In other personnel moves, the idea of putting Laura Ingraham as White House spokesperson is horrifying to me as she has been a vocal participant in the politics of division, anger and hatred. On another personnel front, the seeking top security clearances for the Trump children is worrisome and shows the very cronyism that needs to be avoided. And the now chaos in the ranks of the transition team as experienced and able voices are being replaced by Trump loyalists – often without the requisite skills or experience – showcasess the Trump we have known throughout the campaign.
Elliot Cohen, a national defense and foreign policy expert who has been a Trump critic but then called on all sides to unite and work with the president-elect, wrote on Twitter today: “After exchange w Trump transition team, changed my recommendation: stay away. They’re angry, arrogant, screaming ‘you LOST!’ Will be ugly.” This, along with that chaos in the transition team, doesn’t bode well for a competent administration.
However, I was pleasantly surprised that President-Elect Trump did nothing to derail Paul Ryan’s re-election as Speaker of the House, despite his attempts during the general election to bring Ryan down. To me this gave me hope.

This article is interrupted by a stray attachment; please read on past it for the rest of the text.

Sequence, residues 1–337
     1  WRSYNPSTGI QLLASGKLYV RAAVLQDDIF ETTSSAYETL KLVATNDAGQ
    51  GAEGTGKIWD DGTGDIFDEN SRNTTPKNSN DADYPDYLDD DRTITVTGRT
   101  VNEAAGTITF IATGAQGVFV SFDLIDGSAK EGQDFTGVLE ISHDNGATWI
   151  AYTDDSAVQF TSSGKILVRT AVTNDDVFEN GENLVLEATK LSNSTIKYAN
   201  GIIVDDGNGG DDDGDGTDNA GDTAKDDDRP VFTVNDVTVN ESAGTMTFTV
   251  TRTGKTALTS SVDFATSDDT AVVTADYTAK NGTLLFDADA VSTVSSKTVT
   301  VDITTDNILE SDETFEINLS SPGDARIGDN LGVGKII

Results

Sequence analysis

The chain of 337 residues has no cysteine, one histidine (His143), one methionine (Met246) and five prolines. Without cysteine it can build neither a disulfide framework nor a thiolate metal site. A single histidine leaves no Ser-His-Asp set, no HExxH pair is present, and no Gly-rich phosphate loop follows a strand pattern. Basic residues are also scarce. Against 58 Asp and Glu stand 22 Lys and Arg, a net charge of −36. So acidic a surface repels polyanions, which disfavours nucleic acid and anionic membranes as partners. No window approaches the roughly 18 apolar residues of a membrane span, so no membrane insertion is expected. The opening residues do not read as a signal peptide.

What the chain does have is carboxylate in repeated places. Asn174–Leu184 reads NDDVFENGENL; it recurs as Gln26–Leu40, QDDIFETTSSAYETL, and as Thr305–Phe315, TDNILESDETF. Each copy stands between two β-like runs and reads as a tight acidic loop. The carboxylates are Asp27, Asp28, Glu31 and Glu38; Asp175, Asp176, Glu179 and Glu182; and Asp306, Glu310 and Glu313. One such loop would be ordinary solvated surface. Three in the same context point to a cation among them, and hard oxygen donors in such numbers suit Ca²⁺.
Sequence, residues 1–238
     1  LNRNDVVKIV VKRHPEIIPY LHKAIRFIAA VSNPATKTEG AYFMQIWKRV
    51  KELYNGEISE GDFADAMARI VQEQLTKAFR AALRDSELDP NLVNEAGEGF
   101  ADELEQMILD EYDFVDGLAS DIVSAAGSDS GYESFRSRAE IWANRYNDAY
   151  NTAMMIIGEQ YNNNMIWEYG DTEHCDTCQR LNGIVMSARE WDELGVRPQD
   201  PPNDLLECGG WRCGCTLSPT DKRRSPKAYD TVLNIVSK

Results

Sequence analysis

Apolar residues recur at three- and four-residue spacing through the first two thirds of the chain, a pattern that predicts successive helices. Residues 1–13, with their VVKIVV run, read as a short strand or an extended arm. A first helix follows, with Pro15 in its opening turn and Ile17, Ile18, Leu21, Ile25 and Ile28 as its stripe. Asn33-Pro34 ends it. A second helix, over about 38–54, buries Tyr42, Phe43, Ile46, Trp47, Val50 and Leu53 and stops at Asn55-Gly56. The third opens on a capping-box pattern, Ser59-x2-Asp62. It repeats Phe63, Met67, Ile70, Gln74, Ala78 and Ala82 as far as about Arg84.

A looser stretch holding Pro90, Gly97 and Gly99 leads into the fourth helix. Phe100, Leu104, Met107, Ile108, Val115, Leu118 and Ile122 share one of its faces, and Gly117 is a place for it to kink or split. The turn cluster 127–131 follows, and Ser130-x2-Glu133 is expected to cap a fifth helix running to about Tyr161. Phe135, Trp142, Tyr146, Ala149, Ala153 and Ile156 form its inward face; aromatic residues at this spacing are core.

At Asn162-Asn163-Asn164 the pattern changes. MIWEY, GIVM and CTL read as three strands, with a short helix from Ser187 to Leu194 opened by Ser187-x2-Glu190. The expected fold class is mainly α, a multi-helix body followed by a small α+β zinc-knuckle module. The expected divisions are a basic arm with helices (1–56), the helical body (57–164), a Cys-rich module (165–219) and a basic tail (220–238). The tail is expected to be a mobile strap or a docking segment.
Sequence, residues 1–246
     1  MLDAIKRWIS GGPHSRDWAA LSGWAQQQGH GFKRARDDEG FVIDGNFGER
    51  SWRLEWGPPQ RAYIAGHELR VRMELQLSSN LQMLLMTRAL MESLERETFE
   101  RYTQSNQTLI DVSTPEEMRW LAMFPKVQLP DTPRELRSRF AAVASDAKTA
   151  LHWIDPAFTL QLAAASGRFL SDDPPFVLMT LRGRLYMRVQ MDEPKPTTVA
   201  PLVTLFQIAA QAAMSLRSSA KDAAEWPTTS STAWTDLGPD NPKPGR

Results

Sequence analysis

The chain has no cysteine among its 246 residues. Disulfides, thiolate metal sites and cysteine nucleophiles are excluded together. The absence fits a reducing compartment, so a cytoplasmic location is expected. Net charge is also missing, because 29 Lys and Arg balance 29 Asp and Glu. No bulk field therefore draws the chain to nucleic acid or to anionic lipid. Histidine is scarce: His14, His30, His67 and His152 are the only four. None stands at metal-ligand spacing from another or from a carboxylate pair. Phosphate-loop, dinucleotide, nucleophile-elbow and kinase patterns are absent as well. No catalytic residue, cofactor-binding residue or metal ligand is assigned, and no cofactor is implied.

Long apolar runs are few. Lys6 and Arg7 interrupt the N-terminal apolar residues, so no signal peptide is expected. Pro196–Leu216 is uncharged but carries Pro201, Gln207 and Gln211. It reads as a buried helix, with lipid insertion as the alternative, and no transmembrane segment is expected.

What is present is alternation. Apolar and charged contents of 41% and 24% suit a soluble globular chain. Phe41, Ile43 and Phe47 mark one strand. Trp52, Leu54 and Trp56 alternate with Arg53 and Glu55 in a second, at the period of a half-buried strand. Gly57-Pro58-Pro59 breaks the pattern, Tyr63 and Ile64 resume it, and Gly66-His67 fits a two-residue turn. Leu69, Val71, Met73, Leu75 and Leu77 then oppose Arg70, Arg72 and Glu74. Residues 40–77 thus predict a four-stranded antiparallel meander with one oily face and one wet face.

President-Elect Trump’s backing away from mass deportation was, in my mind, a very positive step. I also applaud his plan to back out of the Iran deal. However, his seeming to embrace Putin and play footsie with the Russians is worrisome. Putin is not, and never will be, our friend and ally. President Obama did great harm to the U.S. and our allies by underestimating this very formidable and unscrupulous opponent. President-Elect Trump seems to be going even further down that very unsuccessful path. And to underscore that point, just a day after Trump and Putin spoke on the phone Russia unleashed serious airstrikes in Syria, completely against our interests. Not a very auspicious beginning.